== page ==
Riding Tips: Urban Riding

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Pottering through towns and cities is often considered easier and safer than riding on faster roads, but that’s not necessarily the case…

 

Ryan Decarteret from Rapid Training
Ryan Decarteret from Rapid Training

The Expert: Ryan Decarteret

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Ryan is a passionate motorcyclist, Rapid National Operations Manager and Coach with a background in surveillance and covert police riding, with around one million miles of riding experience (and he says he’s still learning).

Bad news first: Urban riding is not as easy and safe as you may have thought. But don’t despair, we had a chat with Ryan Decarteret, National Operations Manager and Coach at Rapid rider training, to get the lowdown on what to look out for in the city…

MB: Why does urban riding need special consideration?

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Ryan: Urban areas present a huge number of hazards in a small area, which is, of course, why the speed limit is reduced, and this creates a false sense of security. After thumping through the A and B roads of the countryside it’s very easy to feel safe and in control at 30mph and below, but the reality is that so much can happen.

Generally speaking, you’re unlikely to experience anything near as catastrophic as having an issue at the national limit, but there is a higher likelihood of something happening.

Also, a cracking national road into an urban limit will have a high likelihood of static or mobile speed traps.

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MB: What are the key considerations in urban riding?

Ryan: It starts with a change of mindset when entering urban areas from highways, and the need to adjust what hazards we’re looking for, and where we look for them.

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Reading the road and planning your ride happen in the same way as on faster roads, but there’s so much more detail to be picked up in the near distance: pedestrians and their age (children being a less predictable hazard); dogs (are they on a lead and under control?); side streets; delivery vans and workers. Is it pub closing time or rush hour with everyone fighting to get to work/home on time? Lights are constantly changing, and the road surface has more going on than a multi-topping pizza, especially in the wet.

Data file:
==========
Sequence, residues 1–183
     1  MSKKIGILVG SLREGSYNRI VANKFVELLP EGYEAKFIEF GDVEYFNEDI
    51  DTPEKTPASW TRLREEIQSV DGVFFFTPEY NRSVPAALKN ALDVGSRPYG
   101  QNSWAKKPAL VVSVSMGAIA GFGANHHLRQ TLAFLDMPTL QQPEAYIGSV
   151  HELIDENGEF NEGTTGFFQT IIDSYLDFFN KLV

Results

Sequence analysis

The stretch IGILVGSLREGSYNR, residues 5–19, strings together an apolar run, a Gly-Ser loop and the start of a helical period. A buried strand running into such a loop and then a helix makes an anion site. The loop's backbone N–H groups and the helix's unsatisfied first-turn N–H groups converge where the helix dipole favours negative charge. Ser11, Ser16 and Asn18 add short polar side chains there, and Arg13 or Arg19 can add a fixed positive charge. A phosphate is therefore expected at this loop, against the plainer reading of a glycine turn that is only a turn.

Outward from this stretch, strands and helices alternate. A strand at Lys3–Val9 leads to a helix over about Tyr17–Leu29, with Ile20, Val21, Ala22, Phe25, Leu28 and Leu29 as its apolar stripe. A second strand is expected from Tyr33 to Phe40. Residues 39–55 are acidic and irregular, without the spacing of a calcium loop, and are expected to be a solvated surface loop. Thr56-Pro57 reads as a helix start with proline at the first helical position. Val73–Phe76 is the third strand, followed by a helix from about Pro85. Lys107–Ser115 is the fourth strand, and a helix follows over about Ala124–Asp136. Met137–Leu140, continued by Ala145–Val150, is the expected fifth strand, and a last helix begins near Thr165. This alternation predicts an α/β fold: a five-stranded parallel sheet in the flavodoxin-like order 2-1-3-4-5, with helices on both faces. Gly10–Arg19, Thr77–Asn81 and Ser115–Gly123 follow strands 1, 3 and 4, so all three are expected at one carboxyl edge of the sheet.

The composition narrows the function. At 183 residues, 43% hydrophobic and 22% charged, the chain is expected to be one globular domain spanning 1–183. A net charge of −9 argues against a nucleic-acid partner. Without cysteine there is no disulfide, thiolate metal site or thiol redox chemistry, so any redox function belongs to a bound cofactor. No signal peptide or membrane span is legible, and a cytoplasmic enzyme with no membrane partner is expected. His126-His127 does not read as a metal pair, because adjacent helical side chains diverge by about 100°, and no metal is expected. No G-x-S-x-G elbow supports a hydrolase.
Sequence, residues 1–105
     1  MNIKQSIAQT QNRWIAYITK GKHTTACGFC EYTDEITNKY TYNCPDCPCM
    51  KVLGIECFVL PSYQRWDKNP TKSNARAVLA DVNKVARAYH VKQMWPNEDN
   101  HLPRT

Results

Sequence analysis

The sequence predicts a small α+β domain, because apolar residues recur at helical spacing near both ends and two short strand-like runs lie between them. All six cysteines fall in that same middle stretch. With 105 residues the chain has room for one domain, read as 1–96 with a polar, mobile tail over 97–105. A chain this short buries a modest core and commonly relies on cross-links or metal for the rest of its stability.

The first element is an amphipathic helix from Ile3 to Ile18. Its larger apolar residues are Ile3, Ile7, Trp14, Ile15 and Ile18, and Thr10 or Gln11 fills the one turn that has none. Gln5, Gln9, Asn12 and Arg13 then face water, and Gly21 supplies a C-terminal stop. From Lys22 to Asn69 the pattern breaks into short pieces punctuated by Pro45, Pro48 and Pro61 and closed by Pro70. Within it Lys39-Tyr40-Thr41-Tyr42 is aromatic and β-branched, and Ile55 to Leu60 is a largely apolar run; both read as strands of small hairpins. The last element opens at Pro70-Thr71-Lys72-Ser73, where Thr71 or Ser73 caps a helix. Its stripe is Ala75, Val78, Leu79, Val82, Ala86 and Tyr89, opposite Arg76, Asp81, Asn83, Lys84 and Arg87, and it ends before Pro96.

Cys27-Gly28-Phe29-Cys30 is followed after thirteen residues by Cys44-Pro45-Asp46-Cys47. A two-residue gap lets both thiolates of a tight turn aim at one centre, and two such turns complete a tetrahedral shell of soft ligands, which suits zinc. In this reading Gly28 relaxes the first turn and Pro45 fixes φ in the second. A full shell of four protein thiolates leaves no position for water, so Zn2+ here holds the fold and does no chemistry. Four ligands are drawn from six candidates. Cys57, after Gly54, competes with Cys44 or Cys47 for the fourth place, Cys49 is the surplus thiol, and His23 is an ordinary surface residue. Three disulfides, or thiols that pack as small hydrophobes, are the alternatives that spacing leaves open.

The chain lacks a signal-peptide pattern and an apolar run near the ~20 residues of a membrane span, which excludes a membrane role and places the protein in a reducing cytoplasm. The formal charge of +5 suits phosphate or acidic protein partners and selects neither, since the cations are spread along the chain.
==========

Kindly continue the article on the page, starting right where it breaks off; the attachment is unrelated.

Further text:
MB: So, what do you do?

Ryan: Urban riding is more planning than action. If a rider positions for every conceivable hazard, then the bike will be all over the road, looking to the untrained like they are just swerving for the sake of it, or to show off. Instead, the rider needs to note all the dangers and prioritise them. A van reversing from a parking space will be a higher priority than the junction you can see into, for example.

Tiny adjustments in speed are required for a quality ride in an urban area and contrary to popular belief (or certainly some clients I’m coming across lately) this is not the time for cruise control.

MB: And how does that work in practice?

Ryan: All things considered, position between the centre lane markings and the centre of your lane. This allows the rider to see over and around the vehicle ahead, whilst being in a position to be seen by other road users. Don’t close the gap on the vehicle ahead, especially a high-sider, like a van. Just like on the open road, leave yourself some time!

Remember that a speed limit is just that, a limit, not a target. It’s a classic line, but one that rings true in a busy area. Your speed will often be dictated by the traffic ahead, but keep it appropriate to the hazards and conditions you are up against.

Select a flexible gear with enough go to get you out of trouble, but enough slow (engine braking) to be usable.

We’re fortunate in the UK that filtering is legal in most circumstances and is often expected by the queuing vehicles. However, there is a very fine line between filtering and dangerous riding. If you’re trying to force yourself through a gap that’s closing/isn’t really there, then you’re on your way to being closer to the dangerous side of things. Just because something is legal, that doesn’t make it wise. Be smooth, stay calm, plan ahead and work the traffic when there’s an advantage, and show some patience and restraint when it’s not possible to push on.

Rapid Training

Founded in 1997 by a group of ex-racers and current police riders, Rapid set out to deliver a fresh approach to rider development with its own, relaxed, no-nonsense approach to coaching. No formality, no student bibs, just passionate riders being coached by the most highly qualified professionals in the business – and having fun. The company claims to offer the most comprehensive and advanced rider coaching available in the UK. www.rapidtraining.co.uk

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